6. Consider light exposure. Your body has a natural daily cycle of physical, mental and behavioural changes that respond primarily to light, known as the circadian rhythm. 30 to 45 minutes of exposure to natural sunlight during the day helps keep you in sync, which will improve sleep quality and duration at night.

  7. If you can’t get outside, look for other ways to increase your exposure to bright light during the day, such as a Seasonal Affective Disorder (SAD) Lamp. These can also stimulate your brain to increase the production of serotonin, the mood-boosting hormone.

  8. Reduce blue light in the evening. The light from your electronic devices is similar in wavelength to sunlight, which reduces your body’s production of melatonin, the hormone that makes you sleepy. If you can’t limit your screen time, consider wearing glasses with a blue light filter, or use an app to reduce blue light from your device. Try f.lux on your computer, Twilight on Android and if you’re on iOS, make sure you’re using your Night Shift mode.

  9. Consider supplements that mimic your body’s response to light. Melatonin supplements emulate your body’s natural sleep prompts, letting your body know it’s night, so you can fall asleep more easily. 

Set the Stage for Sleep

If your body’s primed but you still can’t sleep, other factors could be letting you down. Give yourself the best chance by creating a clear runway for sleep.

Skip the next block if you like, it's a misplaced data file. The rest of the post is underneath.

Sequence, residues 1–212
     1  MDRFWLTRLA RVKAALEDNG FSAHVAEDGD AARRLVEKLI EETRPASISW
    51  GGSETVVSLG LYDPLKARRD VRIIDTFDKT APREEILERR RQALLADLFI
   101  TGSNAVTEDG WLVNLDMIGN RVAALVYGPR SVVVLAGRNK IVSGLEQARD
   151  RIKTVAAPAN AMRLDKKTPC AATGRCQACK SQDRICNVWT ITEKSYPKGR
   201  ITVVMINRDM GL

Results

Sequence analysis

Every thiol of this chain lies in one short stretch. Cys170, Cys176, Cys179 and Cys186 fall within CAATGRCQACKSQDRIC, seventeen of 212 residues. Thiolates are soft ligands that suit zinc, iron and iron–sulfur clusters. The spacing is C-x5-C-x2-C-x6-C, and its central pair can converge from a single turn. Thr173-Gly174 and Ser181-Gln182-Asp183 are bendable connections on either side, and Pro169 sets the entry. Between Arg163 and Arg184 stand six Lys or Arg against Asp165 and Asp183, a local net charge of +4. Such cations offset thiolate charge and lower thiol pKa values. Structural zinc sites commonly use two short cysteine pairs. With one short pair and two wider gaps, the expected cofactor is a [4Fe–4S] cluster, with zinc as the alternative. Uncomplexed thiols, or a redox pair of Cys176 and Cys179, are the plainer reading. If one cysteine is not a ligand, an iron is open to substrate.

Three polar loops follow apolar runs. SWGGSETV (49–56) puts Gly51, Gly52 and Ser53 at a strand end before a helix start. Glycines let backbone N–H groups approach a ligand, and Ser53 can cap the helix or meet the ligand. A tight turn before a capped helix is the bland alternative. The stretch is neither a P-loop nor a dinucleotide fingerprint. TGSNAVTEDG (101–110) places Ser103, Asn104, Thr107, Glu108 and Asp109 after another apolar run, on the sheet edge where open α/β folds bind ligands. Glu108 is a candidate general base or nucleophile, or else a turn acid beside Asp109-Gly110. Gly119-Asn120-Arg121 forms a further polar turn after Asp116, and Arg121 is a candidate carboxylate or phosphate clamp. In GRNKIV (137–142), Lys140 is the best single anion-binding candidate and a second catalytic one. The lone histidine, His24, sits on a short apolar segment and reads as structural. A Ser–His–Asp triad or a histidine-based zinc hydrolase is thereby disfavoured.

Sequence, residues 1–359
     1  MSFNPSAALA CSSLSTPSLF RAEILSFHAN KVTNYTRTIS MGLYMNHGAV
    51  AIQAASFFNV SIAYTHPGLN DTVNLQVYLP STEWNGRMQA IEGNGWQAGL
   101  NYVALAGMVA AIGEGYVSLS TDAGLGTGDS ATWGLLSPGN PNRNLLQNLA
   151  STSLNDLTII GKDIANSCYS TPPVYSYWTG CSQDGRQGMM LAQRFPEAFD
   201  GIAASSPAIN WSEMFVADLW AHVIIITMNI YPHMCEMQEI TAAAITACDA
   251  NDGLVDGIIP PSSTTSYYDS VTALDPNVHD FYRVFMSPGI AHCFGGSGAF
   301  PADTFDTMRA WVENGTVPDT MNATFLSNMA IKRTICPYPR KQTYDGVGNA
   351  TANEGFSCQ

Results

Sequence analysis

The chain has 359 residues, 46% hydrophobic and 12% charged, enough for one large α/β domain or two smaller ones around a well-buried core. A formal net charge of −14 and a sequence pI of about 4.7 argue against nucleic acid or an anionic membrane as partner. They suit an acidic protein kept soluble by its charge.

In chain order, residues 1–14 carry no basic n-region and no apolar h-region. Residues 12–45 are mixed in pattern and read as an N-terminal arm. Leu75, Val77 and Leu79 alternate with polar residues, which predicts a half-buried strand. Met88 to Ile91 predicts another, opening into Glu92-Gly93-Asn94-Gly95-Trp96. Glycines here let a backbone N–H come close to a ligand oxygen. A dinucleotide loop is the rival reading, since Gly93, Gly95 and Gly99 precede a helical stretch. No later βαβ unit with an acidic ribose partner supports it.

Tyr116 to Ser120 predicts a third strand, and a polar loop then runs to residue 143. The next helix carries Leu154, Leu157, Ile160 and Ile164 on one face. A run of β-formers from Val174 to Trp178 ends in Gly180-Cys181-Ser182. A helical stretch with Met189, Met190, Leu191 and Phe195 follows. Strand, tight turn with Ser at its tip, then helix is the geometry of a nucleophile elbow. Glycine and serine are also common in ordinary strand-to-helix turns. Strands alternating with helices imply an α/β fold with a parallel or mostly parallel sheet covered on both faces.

1. Optimise your bedroom. The ideal setting is cool, dark and comfortable. Use blackout curtains, invest in a good mattress and pillows, minimise disturbing noises with a white noise machine, and keep your room at a constant temperature between 16 and 24°C.

  2. Ban work from the bedroom. Give yourself the Pavlov’s dog treatment (minus the animal cruelty) and associate your bed with two things only: sleep and sex. This will help your brain switch to sleep when it needs to.

  3. De-stress. If you’re losing sleep worrying, designate a specific time during the day to address the concerns bothering you. As these thoughts arise, schedule them in your calendar: the practice will help you manage worries productively.

  4. Try meditating. Meditation can reduce stress and even help manage pain. If you haven’t meditated before, begin with focusing on slower breathing techniques, or use an app such as Headspace or Digipill to guide you.